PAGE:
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 July 09, 2010

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Combat Lifesaver course emphasizes controlling bleeding

Controlling bleeding is the most important skill taught in the Combat Lifesaver (CLS) course to mobilizing Soldiers at Fort McCoy.
PHOTO: Airmen transport a casualty on a stretcher during a Combat Lifesaver class for Joint Sourcing Training Oversight Airmen preparing to deploy to support Operations Iraqi Freedom and Enduring Freedom. Photo by Tom Michele
Airmen transport a casualty on a stretcher during a Combat Lifesaver class for Joint Sourcing Training Oversight Airmen preparing to deploy to support Operations Iraqi Freedom and Enduring Freedom. Photo by Tom Michele

Staff Sgt. Marco Torres, a combat medic and a CLS instructor with Headquarters and Headquarters Company, 181st Infantry Brigade, said the three primary interventions of CLS instruction also include airway control and tension-pnemothorax (chest wound, collapsed lung).

“Bleeding is the number one preventable cause of death,” Torres said. “Everything else the CLS Soldier, Airman and Sailor does depends first on controlling the bleeding.”

Mobilized Airmen and Sailors in the Joint Sourcing Training Oversight (JSTO) classes at Fort McCoy, preparing to deploy to Operations Iraqi Freedom and Enduring Freedom, go through the same CLS classes as their Soldier counterparts.

The Army’s goal is to have all Soldiers CLS qualified, Torres said.

PHOTO: Staff Sgt. Peter Sobotta, 181st Infantry Brigade instructor, explains casualty care to a Combat Lifesaver class for Joint Sourcing Training Oversight Airmen preparing to deploy to support Operations Iraqi Freedom and Enduring Freedom. Photo by Tom Michele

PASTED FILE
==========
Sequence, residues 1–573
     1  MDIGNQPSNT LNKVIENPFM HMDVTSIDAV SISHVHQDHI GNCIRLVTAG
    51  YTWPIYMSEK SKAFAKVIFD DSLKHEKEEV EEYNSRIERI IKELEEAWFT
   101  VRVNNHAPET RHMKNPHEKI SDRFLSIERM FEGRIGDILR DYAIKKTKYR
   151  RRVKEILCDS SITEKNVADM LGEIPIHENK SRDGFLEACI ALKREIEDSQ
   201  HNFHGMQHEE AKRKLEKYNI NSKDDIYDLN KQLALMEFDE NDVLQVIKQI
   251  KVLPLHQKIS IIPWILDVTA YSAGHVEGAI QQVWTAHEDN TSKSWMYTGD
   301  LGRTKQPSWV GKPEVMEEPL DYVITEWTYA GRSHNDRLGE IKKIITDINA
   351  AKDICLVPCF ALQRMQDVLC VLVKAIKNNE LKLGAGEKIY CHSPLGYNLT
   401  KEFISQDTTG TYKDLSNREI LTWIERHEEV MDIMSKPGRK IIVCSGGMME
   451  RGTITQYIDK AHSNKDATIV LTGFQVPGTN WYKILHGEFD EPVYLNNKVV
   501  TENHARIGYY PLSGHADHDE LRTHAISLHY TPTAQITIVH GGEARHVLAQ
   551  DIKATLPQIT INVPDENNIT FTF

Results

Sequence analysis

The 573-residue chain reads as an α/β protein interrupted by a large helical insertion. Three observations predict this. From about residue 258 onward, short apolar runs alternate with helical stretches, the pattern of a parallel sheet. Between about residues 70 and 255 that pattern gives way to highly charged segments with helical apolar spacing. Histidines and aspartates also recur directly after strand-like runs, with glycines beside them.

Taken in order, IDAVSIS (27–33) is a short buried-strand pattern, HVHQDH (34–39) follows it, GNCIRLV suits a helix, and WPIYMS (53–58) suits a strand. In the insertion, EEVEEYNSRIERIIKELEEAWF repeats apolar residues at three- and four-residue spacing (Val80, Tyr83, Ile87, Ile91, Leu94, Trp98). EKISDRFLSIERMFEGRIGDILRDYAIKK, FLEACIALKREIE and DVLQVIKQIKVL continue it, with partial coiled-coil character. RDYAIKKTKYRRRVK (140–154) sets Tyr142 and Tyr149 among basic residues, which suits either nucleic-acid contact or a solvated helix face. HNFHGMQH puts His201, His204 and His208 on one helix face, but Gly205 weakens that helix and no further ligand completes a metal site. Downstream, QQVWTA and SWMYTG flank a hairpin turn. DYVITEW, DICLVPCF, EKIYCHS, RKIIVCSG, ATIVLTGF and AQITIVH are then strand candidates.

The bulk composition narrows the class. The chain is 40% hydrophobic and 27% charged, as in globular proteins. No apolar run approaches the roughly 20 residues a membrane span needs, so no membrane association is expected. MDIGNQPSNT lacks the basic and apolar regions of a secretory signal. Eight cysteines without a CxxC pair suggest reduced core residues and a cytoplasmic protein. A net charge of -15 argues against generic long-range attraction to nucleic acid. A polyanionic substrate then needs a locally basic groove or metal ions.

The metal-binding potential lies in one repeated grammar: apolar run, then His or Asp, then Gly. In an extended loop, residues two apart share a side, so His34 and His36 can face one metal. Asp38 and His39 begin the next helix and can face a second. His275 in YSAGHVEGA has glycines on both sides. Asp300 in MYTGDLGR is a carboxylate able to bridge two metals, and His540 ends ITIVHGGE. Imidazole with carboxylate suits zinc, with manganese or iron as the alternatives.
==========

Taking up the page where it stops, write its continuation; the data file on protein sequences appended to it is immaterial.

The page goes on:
Staff Sgt. Peter Sobotta, 181st Infantry Brigade instructor, explains casualty care to a Combat Lifesaver class for Joint Sourcing Training Oversight Airmen preparing to deploy to support Operations Iraqi Freedom and Enduring Freedom. The 181st handles mobilization training at Fort McCoy.
Photo by Tom Michele

“Understanding the symptoms of an injury, then treatment, then evacuation of the injured warrior is the basic flow of the course,” Torres said. CLS classes average four full days.

Instruction includes providing care while under fire, applying tourniquets, moving the wounded warrior to safety — using stretchers as necessary, bandaging wounds with chemically treated emergency trauma gauze, and tucking that bandage into wounds.

The CLS emphasis on controlling bleeding is a change from the previous emphasis on intravenous (IV) placement and fluid administration. IV duties are the responsibility of combat medics. Combat medics are sent on as many missions as possible, particularly platoon-sized elements or larger, to help ensure proper care, Torres said.

“Current instruction focuses on providing the right intervention at the right time,” Torres said. “It is to provide the proper care and treatment at the point of the wound. It all leads to the importance of CLS that is to save lives. Our mission at Fort McCoy is to ensure every Soldier, Airman and Sailor who is deploying are CLS qualified.”

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